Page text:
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      Little Italy hopes to become official town in Arkansas

      LITTLE ITALY (KATV)--A unique place, less than an hour away from Little Rock, is known as Little Italy. The nearly 100-year-old community is split between Pulaski and Perry Counties, and in a grassroots movement residents want to incorporate into their own town.

      Tucked away in the mountains, on un-incorporated land, sits Little Italy home to around 400 people, many are related to Italian immigrants who first settled here in 1915.

      Channel 7 spoke with one of the oldest Italian families living in Little Italy, the Dal Santos, John, 94, and Olga, 89.

      It was back around 1915 when Olga's family, the Vaccaris, first settled in Little Italy, Arkansas.

      "There was no church or anything here, and they built a home and five families was living in that one home," said Olga Dal Santo.

      John Dal Santo met Olga Vacarri in 1939 in Little Italy. While John came to America from Italy when he was 10-years-old, it was Olga's family who was one of the last Italian families to settle here in Arkansas.

      "I came from a poor country, and Olga's folks came from Italypoor people, that's why we came here," said John Dal Santo.

      Next year, Little Italy will celebrate its 100th year as a community. An annual tradition held here at the St. Francis Catholic Church is a spaghetti dinner and it's Olga's mother's recipe that's still used today.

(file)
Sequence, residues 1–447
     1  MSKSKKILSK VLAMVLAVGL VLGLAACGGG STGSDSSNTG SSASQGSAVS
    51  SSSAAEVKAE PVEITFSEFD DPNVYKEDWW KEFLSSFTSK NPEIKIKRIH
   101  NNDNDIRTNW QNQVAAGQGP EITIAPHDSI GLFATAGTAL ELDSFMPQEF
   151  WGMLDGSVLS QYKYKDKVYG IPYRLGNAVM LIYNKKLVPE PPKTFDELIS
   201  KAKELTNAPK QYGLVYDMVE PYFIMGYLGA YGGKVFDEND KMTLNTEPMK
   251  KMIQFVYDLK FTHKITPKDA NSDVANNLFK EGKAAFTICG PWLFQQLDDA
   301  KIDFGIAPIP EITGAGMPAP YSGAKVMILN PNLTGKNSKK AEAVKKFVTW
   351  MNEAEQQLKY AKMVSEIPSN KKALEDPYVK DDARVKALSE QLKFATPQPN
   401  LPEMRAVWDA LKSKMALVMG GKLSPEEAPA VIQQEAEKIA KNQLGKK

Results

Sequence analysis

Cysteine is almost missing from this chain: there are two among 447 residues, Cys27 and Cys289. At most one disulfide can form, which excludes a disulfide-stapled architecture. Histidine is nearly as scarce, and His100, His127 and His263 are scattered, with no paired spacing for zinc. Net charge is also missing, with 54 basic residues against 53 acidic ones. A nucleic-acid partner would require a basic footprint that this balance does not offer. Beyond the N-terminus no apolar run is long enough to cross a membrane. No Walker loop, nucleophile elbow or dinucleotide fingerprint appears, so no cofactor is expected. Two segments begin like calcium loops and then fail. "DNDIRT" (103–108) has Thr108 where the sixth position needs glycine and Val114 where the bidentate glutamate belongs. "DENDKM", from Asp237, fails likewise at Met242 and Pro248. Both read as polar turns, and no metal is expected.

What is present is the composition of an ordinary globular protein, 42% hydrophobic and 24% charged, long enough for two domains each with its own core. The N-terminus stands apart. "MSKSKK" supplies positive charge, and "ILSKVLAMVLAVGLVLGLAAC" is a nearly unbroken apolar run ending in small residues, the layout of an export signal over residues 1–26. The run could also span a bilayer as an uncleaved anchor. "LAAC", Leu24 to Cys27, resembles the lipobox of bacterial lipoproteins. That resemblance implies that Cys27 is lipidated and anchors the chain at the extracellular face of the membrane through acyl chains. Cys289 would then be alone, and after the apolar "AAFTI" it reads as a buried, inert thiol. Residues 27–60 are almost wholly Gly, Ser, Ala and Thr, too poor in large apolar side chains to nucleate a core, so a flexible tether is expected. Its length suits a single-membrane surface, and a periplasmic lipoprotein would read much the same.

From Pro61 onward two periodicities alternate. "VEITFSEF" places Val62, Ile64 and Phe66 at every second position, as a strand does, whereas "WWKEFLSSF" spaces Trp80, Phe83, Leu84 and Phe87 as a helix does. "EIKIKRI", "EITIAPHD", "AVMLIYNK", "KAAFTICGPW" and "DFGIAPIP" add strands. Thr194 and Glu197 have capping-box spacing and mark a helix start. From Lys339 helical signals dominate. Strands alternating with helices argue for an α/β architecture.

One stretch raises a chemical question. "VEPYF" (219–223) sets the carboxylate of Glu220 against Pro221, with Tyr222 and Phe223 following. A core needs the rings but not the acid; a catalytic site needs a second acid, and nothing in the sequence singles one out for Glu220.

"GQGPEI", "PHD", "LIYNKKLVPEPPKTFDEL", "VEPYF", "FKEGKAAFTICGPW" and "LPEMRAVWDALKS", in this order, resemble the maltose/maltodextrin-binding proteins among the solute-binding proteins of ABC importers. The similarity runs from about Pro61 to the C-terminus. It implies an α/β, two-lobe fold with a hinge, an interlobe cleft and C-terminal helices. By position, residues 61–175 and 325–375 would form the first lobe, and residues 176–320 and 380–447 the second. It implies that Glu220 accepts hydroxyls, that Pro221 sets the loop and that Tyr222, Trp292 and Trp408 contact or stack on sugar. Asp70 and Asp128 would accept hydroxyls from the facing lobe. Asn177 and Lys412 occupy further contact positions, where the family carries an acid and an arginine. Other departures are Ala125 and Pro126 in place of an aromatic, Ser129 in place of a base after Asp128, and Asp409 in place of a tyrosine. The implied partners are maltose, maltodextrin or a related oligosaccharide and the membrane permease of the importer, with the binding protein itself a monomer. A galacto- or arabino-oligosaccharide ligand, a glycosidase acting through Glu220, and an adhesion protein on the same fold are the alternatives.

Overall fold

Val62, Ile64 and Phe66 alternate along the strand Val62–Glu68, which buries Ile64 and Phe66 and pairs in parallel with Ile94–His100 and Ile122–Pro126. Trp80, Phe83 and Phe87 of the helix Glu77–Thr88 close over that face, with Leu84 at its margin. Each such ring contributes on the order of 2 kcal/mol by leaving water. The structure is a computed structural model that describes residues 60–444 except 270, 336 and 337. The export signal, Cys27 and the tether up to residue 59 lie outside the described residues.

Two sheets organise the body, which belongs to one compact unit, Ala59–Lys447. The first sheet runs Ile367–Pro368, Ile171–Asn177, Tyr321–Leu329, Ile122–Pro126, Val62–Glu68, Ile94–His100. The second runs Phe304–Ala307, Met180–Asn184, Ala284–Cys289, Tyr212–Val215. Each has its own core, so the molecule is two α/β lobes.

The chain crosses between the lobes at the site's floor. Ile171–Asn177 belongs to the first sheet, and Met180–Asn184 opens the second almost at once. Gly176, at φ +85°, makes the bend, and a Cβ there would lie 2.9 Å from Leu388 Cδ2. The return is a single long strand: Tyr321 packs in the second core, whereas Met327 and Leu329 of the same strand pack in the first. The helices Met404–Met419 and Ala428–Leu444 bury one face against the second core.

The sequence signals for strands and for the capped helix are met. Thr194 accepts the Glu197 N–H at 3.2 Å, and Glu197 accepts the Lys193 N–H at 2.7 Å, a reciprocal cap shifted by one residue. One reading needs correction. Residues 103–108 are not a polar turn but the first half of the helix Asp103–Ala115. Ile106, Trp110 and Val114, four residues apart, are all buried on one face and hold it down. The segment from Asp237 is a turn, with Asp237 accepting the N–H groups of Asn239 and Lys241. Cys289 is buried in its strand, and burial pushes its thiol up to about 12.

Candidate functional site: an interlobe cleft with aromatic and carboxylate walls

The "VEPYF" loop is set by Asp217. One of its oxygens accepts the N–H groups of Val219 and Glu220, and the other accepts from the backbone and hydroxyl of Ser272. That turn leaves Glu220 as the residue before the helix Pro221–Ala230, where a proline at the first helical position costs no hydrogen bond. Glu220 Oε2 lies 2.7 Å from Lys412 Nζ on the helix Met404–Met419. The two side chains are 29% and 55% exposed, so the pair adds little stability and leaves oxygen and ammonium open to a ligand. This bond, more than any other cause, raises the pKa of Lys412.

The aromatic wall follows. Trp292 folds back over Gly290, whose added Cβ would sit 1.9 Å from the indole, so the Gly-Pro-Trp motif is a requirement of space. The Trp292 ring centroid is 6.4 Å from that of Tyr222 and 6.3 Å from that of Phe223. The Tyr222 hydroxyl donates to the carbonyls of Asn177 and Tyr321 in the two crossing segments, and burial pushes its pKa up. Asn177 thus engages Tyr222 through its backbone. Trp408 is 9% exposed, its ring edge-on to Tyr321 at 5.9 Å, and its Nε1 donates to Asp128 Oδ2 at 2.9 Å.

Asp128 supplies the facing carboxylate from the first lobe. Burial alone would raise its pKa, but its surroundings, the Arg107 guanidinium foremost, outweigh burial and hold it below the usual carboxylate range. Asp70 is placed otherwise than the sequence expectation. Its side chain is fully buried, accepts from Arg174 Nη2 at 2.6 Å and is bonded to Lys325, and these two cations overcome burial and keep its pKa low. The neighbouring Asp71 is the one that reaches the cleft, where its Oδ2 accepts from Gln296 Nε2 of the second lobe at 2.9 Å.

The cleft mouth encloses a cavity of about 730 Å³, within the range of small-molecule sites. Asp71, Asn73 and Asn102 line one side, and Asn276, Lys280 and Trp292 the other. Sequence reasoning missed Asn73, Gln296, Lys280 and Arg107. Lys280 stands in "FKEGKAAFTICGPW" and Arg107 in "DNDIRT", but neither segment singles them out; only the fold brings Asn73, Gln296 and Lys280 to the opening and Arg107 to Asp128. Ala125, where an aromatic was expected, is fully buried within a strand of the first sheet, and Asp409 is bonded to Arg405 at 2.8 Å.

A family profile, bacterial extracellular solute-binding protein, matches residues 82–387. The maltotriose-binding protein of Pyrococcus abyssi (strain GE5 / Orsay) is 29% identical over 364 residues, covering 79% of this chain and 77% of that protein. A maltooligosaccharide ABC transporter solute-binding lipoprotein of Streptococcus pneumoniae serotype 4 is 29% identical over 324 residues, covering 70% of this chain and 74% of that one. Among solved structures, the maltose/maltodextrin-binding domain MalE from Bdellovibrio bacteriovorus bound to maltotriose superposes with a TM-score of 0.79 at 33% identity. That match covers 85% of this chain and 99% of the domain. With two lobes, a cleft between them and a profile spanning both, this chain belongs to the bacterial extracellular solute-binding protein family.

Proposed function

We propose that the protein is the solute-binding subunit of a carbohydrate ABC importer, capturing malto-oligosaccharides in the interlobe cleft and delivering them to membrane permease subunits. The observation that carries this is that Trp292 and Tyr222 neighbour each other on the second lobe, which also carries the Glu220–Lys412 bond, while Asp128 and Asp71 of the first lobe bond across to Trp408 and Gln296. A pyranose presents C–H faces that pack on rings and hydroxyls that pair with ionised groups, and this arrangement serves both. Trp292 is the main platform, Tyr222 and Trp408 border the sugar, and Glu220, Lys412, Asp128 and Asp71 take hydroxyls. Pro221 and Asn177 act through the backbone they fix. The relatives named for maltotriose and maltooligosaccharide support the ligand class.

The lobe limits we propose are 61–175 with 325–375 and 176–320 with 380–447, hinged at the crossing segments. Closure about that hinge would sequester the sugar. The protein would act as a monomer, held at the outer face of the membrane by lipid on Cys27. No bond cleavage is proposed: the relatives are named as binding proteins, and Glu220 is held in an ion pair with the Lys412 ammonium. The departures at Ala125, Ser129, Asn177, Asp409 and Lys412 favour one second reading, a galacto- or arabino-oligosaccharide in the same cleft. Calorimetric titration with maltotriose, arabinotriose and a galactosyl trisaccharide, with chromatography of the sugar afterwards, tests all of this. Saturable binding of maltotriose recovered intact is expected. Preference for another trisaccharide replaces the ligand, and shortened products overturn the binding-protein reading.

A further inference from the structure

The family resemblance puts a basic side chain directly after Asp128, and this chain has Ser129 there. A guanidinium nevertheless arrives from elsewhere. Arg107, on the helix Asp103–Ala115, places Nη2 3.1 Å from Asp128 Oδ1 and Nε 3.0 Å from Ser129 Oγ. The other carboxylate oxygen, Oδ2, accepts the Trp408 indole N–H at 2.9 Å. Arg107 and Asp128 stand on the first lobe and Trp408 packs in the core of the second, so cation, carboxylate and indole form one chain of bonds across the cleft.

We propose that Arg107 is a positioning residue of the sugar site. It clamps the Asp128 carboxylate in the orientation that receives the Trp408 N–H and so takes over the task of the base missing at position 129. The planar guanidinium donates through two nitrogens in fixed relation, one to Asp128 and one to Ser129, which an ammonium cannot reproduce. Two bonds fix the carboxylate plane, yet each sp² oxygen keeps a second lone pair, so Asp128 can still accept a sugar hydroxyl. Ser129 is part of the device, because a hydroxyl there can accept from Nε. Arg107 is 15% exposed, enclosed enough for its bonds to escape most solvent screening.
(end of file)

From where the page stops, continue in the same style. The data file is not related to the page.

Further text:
"If it wasn't for her cooking, I'd be dead I guess, good Italian food," said Dal Santo.

      While the Dal Santos may be the oldest living Italians in Little Italy, many like Kristy Eanes, their great-niece, also have ties to this community as they hope to preserve its heritage.

      "Trying to collect 200 signatures, in order to incorporate Little Italy into an official town," said Eanes, Little Italy Taskforce Co-Chair.

      Their deadline is March 1, 2015 and so far half the signatures have been collected.

      "We're proud of our heritage, our Italian heritage, and we want to preserve that so I did some research of ways to do that, and incorporation seemed the best way," added Eanes.

      "I'm proud to be an Italian and all those Italians that came in here, we should deserve to carry on their name," said Dal Santo.

      Once the signatures are gathered, they'll be turned in to the Pulaski County Clerk's Office; from there a judge will decide the fate of Little Italy.

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